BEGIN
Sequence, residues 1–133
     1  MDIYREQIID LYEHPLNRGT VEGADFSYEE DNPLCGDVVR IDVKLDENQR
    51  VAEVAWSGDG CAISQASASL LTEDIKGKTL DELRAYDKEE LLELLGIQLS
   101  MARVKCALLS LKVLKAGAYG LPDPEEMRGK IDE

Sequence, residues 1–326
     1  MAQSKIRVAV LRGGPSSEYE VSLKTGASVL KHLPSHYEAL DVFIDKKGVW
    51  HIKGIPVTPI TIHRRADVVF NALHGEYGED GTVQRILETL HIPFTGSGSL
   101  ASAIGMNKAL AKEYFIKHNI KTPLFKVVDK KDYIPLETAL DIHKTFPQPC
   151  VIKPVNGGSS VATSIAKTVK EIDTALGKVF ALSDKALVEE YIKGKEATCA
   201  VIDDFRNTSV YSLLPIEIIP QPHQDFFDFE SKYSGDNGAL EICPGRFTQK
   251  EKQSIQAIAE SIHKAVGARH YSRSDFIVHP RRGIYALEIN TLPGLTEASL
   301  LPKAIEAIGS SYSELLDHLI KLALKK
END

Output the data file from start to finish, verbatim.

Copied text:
Sequence, residues 1–133
     1  MDIYREQIID LYEHPLNRGT VEGADFSYEE DNPLCGDVVR IDVKLDENQR
    51  VAEVAWSGDG CAISQASASL LTEDIKGKTL DELRAYDKEE LLELLGIQLS
   101  MARVKCALLS LKVLKAGAYG LPDPEEMRGK IDE

Sequence, residues 1–326
     1  MAQSKIRVAV LRGGPSSEYE VSLKTGASVL KHLPSHYEAL DVFIDKKGVW
    51  HIKGIPVTPI TIHRRADVVF NALHGEYGED GTVQRILETL HIPFTGSGSL
   101  ASAIGMNKAL AKEYFIKHNI KTPLFKVVDK KDYIPLETAL DIHKTFPQPC
   151  VIKPVNGGSS VATSIAKTVK EIDTALGKVF ALSDKALVEE YIKGKEATCA
   201  VIDDFRNTSV YSLLPIEIIP QPHQDFFDFE SKYSGDNGAL EICPGRFTQK
   251  EKQSIQAIAE SIHKAVGARH YSRSDFIVHP RRGIYALEIN TLPGLTEASL
   301  LPKAIEAIGS SYSELLDHLI KLALKK